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News from the Farm: Deep Freeze

Dear friends and customers of North Mountain Pastures, How are you all doing through this COLD weather? The 40 degree highs of yesterday and today have felt absolutely warm and balmy compared to last week. We hope you are staying warm and well. Last week it got REALLY COLD. It was supposed to be -5 degrees F over the weekend, pre windchill. We don't think it got down quite that low, maybe hovered around 0. It was hard (for me, not for Brooks, he is so cold hardy thanks to northern European genes and Wim Hof Method) to be outside for more than a few minutes to do a necessary chore. We are nice and toasty, at least by the fire, in our 1850s log home, heating with wood and well insulated. However, our personal well to the house did freeze at the pump for the first time ever since living here. Brooks was quickly able to thaw it out with a heat gun and insulate the space (who knew this would be necessary, 6 feet down in the ground?) It caused some inconvenience for us to be without water for the morning, and then even more as the pump churned up some sediment when it kicked back on, which proceeded to clog the washer inlet, the kitchen sink, and the water heater. However, I thoroughly enjoyed it. It is fun to "rough" it sometimes. When I walked to the other farm well pump to get water, about 50 feet from our front door in the frigid cold, I thought of all the people in the world who don't have clean drinking water or running water at all; people who walk so much further, in maybe even harsher conditions to get their water. I've learned to deal with these type of setbacks and expect it as part of a rural DIY life. But more than that, I actually love when stuff goes (mildly) wrong and breaks, leaving us without some modern convenience because it reminds me not to take these things for granted. The sense of relief and gratitude when the water then functions again is a humbling and valuable learning experience. And how are the animals doing?

I found these pigs away from their shelter full of dry bedding, out for a stroll.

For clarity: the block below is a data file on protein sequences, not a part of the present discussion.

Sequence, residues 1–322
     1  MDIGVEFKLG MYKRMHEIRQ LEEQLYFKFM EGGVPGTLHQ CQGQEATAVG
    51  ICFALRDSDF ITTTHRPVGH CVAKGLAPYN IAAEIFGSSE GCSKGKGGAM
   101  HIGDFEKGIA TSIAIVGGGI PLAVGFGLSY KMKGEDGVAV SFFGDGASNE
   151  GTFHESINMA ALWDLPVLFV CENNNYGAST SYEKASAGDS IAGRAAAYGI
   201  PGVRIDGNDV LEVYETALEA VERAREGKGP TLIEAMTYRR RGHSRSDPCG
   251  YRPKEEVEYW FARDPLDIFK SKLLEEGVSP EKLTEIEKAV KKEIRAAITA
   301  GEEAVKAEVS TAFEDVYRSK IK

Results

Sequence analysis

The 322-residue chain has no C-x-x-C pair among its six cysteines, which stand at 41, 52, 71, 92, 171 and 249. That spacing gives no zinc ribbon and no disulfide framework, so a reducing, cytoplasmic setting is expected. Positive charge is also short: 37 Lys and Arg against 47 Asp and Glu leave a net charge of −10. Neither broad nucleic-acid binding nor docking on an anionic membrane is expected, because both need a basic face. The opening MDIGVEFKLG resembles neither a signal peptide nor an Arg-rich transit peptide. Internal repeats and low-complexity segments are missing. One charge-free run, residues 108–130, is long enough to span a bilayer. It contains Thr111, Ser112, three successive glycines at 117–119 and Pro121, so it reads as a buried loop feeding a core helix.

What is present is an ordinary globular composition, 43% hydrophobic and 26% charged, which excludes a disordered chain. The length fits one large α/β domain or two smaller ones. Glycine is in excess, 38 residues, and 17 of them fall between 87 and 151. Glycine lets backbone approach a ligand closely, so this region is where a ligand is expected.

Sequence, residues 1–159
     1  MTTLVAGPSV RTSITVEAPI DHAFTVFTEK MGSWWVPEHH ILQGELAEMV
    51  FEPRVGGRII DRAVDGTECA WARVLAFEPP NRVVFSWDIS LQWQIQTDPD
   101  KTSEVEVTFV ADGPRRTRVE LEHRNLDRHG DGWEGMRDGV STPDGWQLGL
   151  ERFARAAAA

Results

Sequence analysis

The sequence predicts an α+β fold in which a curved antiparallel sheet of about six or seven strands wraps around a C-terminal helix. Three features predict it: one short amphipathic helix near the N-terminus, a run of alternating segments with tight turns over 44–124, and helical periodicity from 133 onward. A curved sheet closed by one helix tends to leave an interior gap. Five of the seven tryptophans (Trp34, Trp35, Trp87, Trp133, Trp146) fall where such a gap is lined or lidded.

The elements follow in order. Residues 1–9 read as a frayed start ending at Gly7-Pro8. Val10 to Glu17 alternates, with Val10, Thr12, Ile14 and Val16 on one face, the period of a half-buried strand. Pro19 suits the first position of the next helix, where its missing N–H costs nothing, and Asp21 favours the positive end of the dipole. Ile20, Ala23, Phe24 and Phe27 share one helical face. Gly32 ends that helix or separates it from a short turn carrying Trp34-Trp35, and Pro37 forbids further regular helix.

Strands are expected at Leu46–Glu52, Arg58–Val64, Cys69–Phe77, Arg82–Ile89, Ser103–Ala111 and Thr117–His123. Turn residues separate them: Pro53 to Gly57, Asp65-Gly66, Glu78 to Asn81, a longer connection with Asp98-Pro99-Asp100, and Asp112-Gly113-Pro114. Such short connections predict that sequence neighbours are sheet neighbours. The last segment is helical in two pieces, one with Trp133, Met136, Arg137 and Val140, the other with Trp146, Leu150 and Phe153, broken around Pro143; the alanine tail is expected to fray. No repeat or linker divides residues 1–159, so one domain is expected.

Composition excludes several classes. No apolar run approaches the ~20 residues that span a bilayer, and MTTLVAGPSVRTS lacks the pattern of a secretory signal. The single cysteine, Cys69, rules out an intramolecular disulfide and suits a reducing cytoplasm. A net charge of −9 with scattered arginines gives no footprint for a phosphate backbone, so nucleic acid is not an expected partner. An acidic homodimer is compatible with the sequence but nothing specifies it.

Despite snow and cold, they still like to snoop around the woods and root around for who knows what. I think maybe they get bored too.

Brooks says: I have a lot of people ask about pigs in this weather. Finishing fat hogs and sows are still on pasture [in pictures above] (with nice woolly sweaters they grew just for this weather and lots of water, shelter, and organic hay for bedding). This [below] is the weaning/grower shelter where young pigs off the mama can grow to a size that allows them to run with the big'ns. Access to outside with plenty of bedding for warmth inside.

The base of this house is charcoal, then logs, then a special inoculant of a microbial/fungal culture we grew in our own woods. I have been adding bedding to it for over 4 years now and the microbes are so active it never accumulates. Imagine if just this one practice were adopted by confinement hog operations. Total elimination of liquid manure waste and significant reduction in odor and flies. Turns out, nature knows what microbes do the job right. The active composting process of the bedding also generates a lot of heat. Warming Comfort Food: Instant Pot Chili Do you have an Instant Pot? I love a slow cooked stew or bean dish in the winter, and enjoy letting it simmer on the stove all day. I resisted the Instant Pot craze for a while, thinking it was too high tech for me. But I got one for Christmas. And I love it. I've done beans a few times now, and last week made a super successful chili in the instant pot. Brooks and the kids loved it, even if it was a bit too spicy for them.

I basically followed this recipe:

(yes, I used the secret ingredient: a Tablespoon of cocoa powder!)

However, I just had to tweak it to what I had on hand, cause that's what I do. So I followed the method of sauteing the meat first and then pressure cooking. I also used the spices in that recipe. My ingredients: 1 lb ground beef 1 package chorizo (split and removed casings) 1 quart jar canned tomatoes 3 cups soaked pinto beans 1 diced onion 1 head of garlic 1.5 cups diced frozen sweet peppers from the summer

The meats were browned slightly using the "saute" setting first (though I'm wondering if i in a pinch you could even skip this step and put them in raw... I will be sure to try it and let you know).

I then added the rest of the ingredients, and mixed it all together with a big jar of crushed tomatoes.

This photo is too steamy to see clearly, but the truth is it came out great in about an hour and a half total, with one pot. Not instant, but pretty awesome. Stay well and enjoy some warming nutritious comfort food to stay warm! Join the Meat CSA for 2018 here. Depending on your site location, you could still receive a share in January.

Thanks as always for supporting local foods!

~Brooks & Anna

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